Fairfax County Sheriff’s Office: Civil Enforcement

In Fairfax County we have to law
enforcement agencies, the police department and the Sheriff’s
Office. We both go through the same Academy. The police takes
primary duties over all criminal actions, and we take primary
duties over all civil actions. The Civil Enforcement section is
actually in charge of civil process documents that come out
of the courthouse. That’s to include tax documents, a
collection of back taxes, as well as eviction procedures,
protective orders, everything along those lines. Our areas are
divided up into geographical areas based off of civil
responses and processes that need to be served. Currently we
have 15 civil areas. Those areas include the Town of Herndon, the
Town of Vienna, Fairfax City, the Town of Clifton, and any
military institution within Fairfax confines. I’ve been in
the Civil enforcement area for seven years. The first thing I
do in the morning is I go to the courthouse and retrieve my
papers for the day. Then, I’ll start doing the routing, kind of
like how the mail would do. Roughly we served around a
hundred thousand documents last year, between 15 to 16 deputies.
It keeps us very busy. Anybody can serve a document who is 15
years old, and not affiliated to the case, but in order to
execute a document you have to have the legal Authority granted
by the code of Virginia. Whether it be taking property, or taking
children from one parent to another, or whether it’s
evicting someone from their home, or something like that,
every document we serve has a propensity for violence. One of
the more interesting things we have to deal with are executing
evictions. The eviction process is a lengthy process. There are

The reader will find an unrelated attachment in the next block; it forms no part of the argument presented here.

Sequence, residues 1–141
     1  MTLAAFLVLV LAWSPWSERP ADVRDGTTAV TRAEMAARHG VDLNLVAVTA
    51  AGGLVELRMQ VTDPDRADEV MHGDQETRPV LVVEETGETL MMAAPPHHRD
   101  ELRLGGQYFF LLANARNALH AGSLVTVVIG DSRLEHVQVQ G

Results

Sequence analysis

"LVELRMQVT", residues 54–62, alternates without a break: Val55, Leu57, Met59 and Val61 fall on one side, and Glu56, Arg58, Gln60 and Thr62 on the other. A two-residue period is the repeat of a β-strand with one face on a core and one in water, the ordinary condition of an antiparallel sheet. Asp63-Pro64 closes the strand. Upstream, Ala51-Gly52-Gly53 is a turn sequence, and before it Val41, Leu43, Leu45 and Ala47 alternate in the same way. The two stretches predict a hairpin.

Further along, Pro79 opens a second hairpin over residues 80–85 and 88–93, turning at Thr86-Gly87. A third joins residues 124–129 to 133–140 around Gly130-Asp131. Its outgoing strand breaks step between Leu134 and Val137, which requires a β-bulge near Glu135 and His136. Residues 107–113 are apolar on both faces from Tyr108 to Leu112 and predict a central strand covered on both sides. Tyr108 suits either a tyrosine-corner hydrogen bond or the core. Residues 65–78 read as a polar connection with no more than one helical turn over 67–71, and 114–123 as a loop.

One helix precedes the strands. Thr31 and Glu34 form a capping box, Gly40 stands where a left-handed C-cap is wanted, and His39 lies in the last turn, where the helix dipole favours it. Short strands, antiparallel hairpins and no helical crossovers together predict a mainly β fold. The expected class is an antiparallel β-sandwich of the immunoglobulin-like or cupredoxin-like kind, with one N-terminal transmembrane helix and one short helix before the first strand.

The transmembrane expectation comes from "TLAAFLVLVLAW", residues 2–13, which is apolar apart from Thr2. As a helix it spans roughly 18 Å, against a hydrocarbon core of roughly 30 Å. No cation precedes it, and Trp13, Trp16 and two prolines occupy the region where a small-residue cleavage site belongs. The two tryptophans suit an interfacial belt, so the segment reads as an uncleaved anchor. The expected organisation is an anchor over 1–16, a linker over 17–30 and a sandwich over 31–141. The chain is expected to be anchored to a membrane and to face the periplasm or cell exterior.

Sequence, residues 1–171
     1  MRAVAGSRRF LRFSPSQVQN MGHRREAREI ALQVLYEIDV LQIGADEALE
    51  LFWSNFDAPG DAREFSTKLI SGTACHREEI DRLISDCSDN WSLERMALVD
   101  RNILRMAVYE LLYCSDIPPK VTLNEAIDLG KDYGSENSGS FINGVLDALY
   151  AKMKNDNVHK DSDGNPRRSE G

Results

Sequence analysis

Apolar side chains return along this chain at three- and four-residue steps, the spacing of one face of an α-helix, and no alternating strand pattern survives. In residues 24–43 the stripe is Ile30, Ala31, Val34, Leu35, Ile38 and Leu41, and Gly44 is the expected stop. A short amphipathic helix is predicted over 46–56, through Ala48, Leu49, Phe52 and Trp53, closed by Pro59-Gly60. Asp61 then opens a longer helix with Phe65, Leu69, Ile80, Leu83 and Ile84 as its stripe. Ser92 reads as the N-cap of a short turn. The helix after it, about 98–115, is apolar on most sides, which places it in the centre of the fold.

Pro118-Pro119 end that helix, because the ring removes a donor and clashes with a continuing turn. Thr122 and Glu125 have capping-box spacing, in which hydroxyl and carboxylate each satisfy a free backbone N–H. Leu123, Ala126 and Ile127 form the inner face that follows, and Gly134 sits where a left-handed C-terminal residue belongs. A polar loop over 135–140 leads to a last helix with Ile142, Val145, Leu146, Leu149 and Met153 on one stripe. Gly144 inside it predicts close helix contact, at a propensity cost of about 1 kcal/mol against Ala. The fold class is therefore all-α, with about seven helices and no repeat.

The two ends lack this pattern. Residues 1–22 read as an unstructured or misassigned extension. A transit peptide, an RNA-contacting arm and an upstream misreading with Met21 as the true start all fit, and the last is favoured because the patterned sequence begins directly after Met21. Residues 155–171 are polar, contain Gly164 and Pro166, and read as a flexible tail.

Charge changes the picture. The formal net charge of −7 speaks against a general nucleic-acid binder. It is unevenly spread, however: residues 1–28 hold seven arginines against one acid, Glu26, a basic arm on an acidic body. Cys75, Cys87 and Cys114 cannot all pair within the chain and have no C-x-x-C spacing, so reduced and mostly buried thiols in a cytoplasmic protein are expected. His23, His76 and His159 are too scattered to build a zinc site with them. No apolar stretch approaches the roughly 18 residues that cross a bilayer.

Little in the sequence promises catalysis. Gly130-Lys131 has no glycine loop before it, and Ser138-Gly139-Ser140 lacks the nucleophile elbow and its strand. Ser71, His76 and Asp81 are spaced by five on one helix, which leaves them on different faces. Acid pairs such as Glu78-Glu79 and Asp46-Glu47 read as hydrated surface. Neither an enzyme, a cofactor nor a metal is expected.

several steps involved, and it does take several months to
actually go from the filing for the writ and actually executing
the eviction. We have to post the document at least 72 hours
prior to us being there, by doing that that makes this time
and place predictable, and that allows for some officer safety
issues. They know what day you’re coming, and they know
what time you’re coming. We do encounter individuals that
refused to leave or don’t want to leave. Unfortunately when the
sheriff shows up to do the eviction, it’s not an option. It
is a court order signed by a judge, so they have to leave
regardless, and whether they go with us, if we have to effect an
arrest to execute the order, then that’s what we’ll do. Going
into different places where you could possibly be ambushed or
anything else, some of the folks that we evict are really good
folks, but they’re just down and out on their luck based on the
economy and things like that. When we show up and residents
don’t have anywhere to go or any family members in the area there
are several government resources that are available to them, and
they are actually on the eviction notice that we give
them. So they can call those numbers in the county will help
them out with finding a place to stay, with finding those
resources, even if it is for a brief amount of time. And a lot
of times the county will even provide financial support. One
of the resources that the Sheriff’s Office works with on a
regular basis, and sometimes daily and weekly, is the
Domestic Violence Action Center. We are basically the enforcement
side of the courts, and they are the coaching side of the Courts.
The Domestic Violence Action Center is a call located service
center. We are at the historic courthouse in Fairfax, and it’s
a partnership with the county and the nonprofit agencies. Our
relationship with the Sheriff’s Office involves cross-training.
These deputies are out there serving the protective orders
and so we inform them of the resources of the county. They
also will come to us and provide training about their process of
serving a protective order, which is extremely helpful. By
understanding there process and understanding the protective
order, we are then able to safety plan for the client. We
all have the urge and desire to help, but we still have a job to
do and we can’t vary or differ from that, but we can provide
assistance. Sometimes this is the first step in getting things
taken care, and allowing other people to start taking
responsibility for their actions. In Fairfax County, with
it being so large, over a million residence, law
enforcement does need all the help it can get from the
community. So we are always out there. You can always come up to
us and ask us questions, ask us anything you need. We always
want to have that interaction between law enforcement and
community. It just builds a stronger bond for everybody.

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